Peace & Thanks for listening, Family!

Wednesday Wind Down: Deep Dive

Hey, Family!

How’s your week so far? I pray it’s been amazing!

If you’re new to my site, this is my virtual living room and you’re welcome to sit for a minute. We get personal around here as I merge faith and humanity, so I’m glad you’re here. Let’s go!

Currently, I am healing from the outside in and it is painstakingly uncomfortable. Having surgery last year opened up a Pandora’s box of emotional remnants that I didn’t know were there.

A major key I reaffirmed is that I’m acrobatic in giving grace to others.

When you’re a Psychology-turned-Communication Arts major, you are ingrained to look at every situation with a prism instead of judgmental binoculars. You quickly learn that everything isn’t as it seems and you dishonor the truth when you leave out a perspective.

For example, your spouse comes homes and the door slams behind her, what are your thoughts?

Photo by Dobromir Hristov on Pexels.com

At first glance, you may jump to a “What’s wrong with you?” type of response. A communication skill called perception checking would take you through a few steps to allow ethical interpretation of that behavior. Maybe she misjudged how close the door was to the frame or the wind forced it. Maybe, she was annoyed with something that happened during the commute and regrets letting it slam. After you provide the possibilities, you ask your spouse to verify or correct those options. This diffuses defensiveness and allows your spouse to tell you the truth instead of you being upset by your assumption. Even if she doesn’t say so, she can’t say you jumped to a conclusion and reacted rashly.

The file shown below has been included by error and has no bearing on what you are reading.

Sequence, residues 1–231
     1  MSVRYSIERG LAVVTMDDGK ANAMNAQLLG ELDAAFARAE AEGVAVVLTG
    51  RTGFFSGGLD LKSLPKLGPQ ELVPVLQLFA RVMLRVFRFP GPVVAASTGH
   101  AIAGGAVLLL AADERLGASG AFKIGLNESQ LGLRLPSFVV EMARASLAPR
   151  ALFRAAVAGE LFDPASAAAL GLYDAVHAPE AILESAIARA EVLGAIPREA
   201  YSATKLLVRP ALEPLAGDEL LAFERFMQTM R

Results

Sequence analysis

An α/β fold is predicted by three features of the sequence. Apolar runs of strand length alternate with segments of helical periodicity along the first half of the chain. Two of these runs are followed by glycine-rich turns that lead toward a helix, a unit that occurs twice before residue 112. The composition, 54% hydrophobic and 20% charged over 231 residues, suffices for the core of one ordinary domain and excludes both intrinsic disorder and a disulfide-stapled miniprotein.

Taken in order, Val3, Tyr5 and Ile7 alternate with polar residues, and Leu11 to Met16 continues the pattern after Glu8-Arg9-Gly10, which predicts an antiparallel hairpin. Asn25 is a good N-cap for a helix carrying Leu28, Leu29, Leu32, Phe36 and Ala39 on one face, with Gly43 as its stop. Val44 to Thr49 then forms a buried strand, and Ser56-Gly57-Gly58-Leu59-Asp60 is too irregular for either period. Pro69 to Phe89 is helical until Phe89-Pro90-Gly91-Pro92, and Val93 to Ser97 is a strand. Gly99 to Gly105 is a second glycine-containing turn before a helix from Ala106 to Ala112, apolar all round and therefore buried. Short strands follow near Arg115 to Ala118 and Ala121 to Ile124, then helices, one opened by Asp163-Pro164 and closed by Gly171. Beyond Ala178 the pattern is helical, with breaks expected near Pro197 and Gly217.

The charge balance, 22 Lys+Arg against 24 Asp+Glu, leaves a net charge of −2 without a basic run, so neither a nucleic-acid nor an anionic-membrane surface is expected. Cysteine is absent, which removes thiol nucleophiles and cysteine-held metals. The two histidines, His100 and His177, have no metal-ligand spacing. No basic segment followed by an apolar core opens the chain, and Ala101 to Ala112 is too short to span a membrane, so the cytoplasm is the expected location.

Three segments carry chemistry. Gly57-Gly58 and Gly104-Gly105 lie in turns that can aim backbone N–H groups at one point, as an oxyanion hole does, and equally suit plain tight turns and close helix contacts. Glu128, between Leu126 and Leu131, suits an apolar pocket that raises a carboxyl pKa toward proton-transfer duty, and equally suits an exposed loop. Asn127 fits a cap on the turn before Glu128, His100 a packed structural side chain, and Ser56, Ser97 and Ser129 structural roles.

See what I mean?

Prism. Not binoculars.

So, passing out grace? No worries there. I give situations a 360-view before I draw the line.

Serving that plate to myself? Epic fail. More like “Harpo, who dis?”

Photo by Anna Nekrashevich on Pexels.com

Sometimes I even beat myself up because I’m not trudging through every muddy puddle with a smile, waving my usual positivity flag, and onboarding everyone around me on the sunshine train. Why? Let’s admit it, Family… who doesn’t want that badge of honor and who hasn’t glorified that trait in others?

“She never complained.”

“He always put his kids before himself.”

“She always had a smile on her face.

“He always had a kind word to say.”

It’s an addictive perfection drug that can take you out if you’re not careful. I admit – I want the badge. I want the perfection. I want those words said at my funeral… but when I really need to breathe between the punches, I end up landing a fist of guilt on myself as I give a plate full of grace to someone else.

All I can say is thank God for therapy.